Music

Expect the unexpected

Scaling heights: Vocalist Manjiri Alegaonkar.  

For several decades, Akashvani (All India Radio) has been organising the Sangeet Sammelan in many parts of the country and rendering great service to Indian classical music. These live concerts are subsequently broadcast over nearly two months through the medium wave across the country, delighting millions. The concerts for 2012 were held recently in 29 cities all over India. The schedule for the Delhi programme stated a vocal recital by Pandit Jasraj, and several people had come to listen to the legend. However, in a surprise move, there was a substitution at the last minute. Pune-based vocalist Manjiri Alegaonkar was selected to fill the slot that evening. It is a credit to the music lovers that, instead of going home knowing that Panditji was not performing, many stayed on to listen to Manjiri, and they were richly rewarded for their decision.

Being a Top Grade artiste of AIR, she did not disappoint, enthralling the audience with a scintillating performance. The best part of her recital was purity of music with traditional adherence to the classical style. She started with raga Bhoop, also known in Hindustani music as Bhoopali, which is the equivalent of Carnatic raga Mohanam. It is pentatonic — five notes each in ascending and descending scale — and considered an evening raga portraying Bhakti rasa. The khayal “Eri aaj bhailava” in vilambit Teen tala and “Sahelare aa meel gaye” in drut Teen tala were rendered with great feeling. Blessed with a clear diction and good voice range, Manjiri scaled great heights effortlessly. She followed this with a crisp Bihagada raga composition, “Raina bairan been piya” in vilambit Jhap tala and “Nithoor Piya” in drut Ek tala. The bhava of this rarely heard raga, which finds mention in many ancient texts, was well brought out with special emphasis on the Jaipur Atrauli gharana. As the performance was ultimately for broadcasting on the national network on the night of October 27, she had a full 90 minutes, and it helped her expand the repertoire to cover raga Bageshri, a madhya ratri (midnight) raga, and choose the hearty “Ab na rahoo mai” ( madhya laya Jhap tala) and “Piya na mile” (drut Ek tala).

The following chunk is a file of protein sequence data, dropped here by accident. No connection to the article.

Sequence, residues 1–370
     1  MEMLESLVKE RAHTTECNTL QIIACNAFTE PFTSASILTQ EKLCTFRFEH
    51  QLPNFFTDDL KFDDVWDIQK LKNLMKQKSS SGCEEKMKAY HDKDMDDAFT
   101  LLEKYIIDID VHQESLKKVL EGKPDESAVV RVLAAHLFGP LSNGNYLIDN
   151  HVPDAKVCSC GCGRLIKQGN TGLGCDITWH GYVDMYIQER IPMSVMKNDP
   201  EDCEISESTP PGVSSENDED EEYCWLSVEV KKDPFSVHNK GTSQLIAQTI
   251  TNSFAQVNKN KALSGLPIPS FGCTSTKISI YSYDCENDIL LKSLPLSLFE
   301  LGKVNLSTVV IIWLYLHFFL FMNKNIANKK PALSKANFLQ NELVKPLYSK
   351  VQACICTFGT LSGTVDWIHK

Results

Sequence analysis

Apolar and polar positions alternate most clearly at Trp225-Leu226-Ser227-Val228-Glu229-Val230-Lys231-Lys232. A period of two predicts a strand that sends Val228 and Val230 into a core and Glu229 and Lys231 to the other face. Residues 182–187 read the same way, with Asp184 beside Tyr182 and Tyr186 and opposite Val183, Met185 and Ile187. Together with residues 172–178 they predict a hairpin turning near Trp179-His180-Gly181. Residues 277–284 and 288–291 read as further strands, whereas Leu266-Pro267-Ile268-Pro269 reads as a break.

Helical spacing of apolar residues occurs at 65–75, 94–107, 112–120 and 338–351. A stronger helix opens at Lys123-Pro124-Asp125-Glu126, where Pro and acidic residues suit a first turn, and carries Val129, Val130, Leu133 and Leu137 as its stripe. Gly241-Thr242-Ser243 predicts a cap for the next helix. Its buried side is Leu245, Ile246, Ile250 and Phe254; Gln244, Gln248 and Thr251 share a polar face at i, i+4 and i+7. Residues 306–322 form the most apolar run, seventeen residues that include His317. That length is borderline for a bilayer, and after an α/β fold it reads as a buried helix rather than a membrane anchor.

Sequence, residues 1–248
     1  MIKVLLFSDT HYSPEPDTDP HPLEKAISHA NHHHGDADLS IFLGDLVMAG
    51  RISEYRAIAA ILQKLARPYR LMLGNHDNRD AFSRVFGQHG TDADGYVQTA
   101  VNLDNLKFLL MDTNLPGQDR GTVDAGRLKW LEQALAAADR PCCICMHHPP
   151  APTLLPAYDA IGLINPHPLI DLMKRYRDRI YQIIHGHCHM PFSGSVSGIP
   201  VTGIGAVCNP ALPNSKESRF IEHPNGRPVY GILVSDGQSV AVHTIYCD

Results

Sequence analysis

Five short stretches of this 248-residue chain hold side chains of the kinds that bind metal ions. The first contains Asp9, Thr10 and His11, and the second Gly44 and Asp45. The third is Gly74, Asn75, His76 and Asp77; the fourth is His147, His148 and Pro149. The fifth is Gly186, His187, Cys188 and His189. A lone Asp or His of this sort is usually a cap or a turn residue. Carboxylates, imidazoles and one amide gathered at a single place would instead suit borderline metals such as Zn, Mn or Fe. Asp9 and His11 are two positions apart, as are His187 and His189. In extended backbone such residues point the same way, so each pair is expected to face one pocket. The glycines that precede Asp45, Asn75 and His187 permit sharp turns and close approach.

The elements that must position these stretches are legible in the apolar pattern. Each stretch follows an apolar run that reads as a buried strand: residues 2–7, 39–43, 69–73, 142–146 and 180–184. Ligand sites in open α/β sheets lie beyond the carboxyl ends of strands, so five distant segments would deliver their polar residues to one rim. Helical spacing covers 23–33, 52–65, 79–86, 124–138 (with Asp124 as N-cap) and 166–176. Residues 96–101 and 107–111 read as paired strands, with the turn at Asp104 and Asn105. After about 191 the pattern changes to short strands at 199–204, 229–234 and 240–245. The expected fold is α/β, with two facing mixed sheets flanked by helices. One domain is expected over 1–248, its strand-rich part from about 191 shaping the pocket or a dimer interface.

She ended the concert with the Nirgun bhajan of Kabir, “Heerana samaja-bujha bana charana”, made famous by Pandit Kumar Gandharva. The philosophy of Kabir that salvation lies in detachment from the senses and submission to the guru was evocatively and emotionally portrayed by Manjiri, casting a spell on the appreciative audience.


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Printable version | Jun 19, 2021 7:25:26 AM | https://www.thehindu.com/features/friday-review/music/expect-the-unexpected/article4054506.ece

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